“In books, it’s called the premise (a woman works her way through Julia Child’s cookbook in a year). In advertising, it’s called the handle (“Trix are for kids!”). In movies, it’s the concept (humans invade the magical habitat of peaceful blue beings on another planet). In an essay, an angle is the controlling idea.”

Writer’s Digest

“This ‘angle’ is the specific way a news source addresses an issue by offering one perspective or point of view of that story.

– New York Times

“Short for news angle, it is that aspect of a story which a journalist chooses to highlight and develop. Usually the most newsworthy of its key points. Also called hook or peg.

– The News Manual Journalism and Media Glossary

Over time teaching travel writing, and specifically generating article ideas, to writers, I’ve found that it does more harm than good.

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Missed Out on Our Past Webinars? They’re Coming Back on Demand (with Full Transcripts!)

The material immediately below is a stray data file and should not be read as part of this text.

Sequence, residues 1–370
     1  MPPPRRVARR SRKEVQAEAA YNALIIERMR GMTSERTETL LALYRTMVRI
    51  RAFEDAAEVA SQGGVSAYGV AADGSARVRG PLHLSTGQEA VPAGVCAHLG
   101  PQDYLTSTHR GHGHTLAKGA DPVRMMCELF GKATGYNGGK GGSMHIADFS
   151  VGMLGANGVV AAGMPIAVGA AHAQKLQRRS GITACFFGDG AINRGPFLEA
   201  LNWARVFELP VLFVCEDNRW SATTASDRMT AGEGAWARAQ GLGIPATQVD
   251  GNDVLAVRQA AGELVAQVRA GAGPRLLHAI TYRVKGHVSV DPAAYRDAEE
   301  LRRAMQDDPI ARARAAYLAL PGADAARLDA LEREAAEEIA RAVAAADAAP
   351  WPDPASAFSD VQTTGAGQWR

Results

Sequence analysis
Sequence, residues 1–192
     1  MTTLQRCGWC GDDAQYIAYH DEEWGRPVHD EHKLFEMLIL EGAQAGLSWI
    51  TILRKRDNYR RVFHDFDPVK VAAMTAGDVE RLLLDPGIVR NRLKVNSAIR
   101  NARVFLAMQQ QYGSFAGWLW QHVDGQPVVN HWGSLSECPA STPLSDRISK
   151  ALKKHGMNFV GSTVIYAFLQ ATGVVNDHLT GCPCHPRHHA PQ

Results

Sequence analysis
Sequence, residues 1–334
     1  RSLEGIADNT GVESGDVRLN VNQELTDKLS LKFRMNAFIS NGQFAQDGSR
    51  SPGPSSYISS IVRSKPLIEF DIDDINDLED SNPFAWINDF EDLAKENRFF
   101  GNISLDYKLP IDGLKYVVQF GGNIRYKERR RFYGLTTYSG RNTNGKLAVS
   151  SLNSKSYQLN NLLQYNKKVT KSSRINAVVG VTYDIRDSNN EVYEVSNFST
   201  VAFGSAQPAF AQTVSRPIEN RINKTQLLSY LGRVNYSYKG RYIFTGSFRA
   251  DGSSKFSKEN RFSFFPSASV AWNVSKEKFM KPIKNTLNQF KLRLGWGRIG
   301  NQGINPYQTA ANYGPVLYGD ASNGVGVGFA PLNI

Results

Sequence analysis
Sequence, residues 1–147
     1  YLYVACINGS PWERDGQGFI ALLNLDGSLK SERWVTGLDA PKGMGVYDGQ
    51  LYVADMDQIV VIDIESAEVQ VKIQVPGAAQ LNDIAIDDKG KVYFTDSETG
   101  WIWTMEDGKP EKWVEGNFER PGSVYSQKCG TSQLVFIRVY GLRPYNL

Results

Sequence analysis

We heard you. A lot of you want access to our past webinar content.

And, even more importantly, you want to know exactly what I said, maybe even just read it rather than listen to the webinar.

Or, you’d like the audio version only so you can listen while you’re on a run or in the car. Or maybe just a downloadable version of the video webinar so you can watch it offline on a long flight.

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Friday Freebie Five: City Guide Edition IV


Welcome to the Friday Freebie Five, a new weekly feature on Dream of Travel Writing’s Six Figure Travel Writer blog.

Each week, we comb our Travel Magazine Database to bring you five magazine sections open to freelancers around a theme–front-of-book trend pieces, long-form first-person features, short narrative postcards–to inspire your pitches.

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How to Be Independently Awesome No Matter What is Going on on Your Press Trips

Photo by Myles Tan on Unsplash

After our webinar last week on how to lay the groundwork before your press trips to make sure you’re prepared to get the most article research for the most stories done when you’re in the destination, I received an unusual email.

A writer that I know that has attended our weekend Pitchapalooza retreat in the past wrote me with the subject line “THANK YOU THANK YOU THANK YOU.”